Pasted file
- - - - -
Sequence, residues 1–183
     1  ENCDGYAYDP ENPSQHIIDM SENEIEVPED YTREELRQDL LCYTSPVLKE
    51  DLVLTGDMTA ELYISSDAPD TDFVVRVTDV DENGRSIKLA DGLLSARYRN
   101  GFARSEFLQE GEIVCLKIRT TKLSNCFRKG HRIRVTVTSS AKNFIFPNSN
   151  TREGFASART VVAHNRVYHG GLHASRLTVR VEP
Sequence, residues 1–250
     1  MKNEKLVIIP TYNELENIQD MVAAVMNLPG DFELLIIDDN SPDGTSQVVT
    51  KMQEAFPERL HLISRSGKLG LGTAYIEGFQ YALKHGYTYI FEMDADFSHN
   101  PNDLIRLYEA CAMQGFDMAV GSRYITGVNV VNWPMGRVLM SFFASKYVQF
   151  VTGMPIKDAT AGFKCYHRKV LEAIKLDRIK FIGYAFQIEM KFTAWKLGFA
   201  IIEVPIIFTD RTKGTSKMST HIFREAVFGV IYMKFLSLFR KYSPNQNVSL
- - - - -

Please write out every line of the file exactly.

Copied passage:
Sequence, residues 1–183
     1  ENCDGYAYDP ENPSQHIIDM SENEIEVPED YTREELRQDL LCYTSPVLKE
    51  DLVLTGDMTA ELYISSDAPD TDFVVRVTDV DENGRSIKLA DGLLSARYRN
   101  GFARSEFLQE GEIVCLKIRT TKLSNCFRKG HRIRVTVTSS AKNFIFPNSN
   151  TREGFASART VVAHNRVYHG GLHASRLTVR VEP
Sequence, residues 1–250
     1  MKNEKLVIIP TYNELENIQD MVAAVMNLPG DFELLIIDDN SPDGTSQVVT
    51  KMQEAFPERL HLISRSGKLG LGTAYIEGFQ YALKHGYTYI FEMDADFSHN
   101  PNDLIRLYEA CAMQGFDMAV GSRYITGVNV VNWPMGRVLM SFFASKYVQF
   151  VTGMPIKDAT AGFKCYHRKV LEAIKLDRIK FIGYAFQIEM KFTAWKLGFA
   201  IIEVPIIFTD RTKGTSKMST HIFREAVFGV IYMKFLSLFR KYSPNQNVSL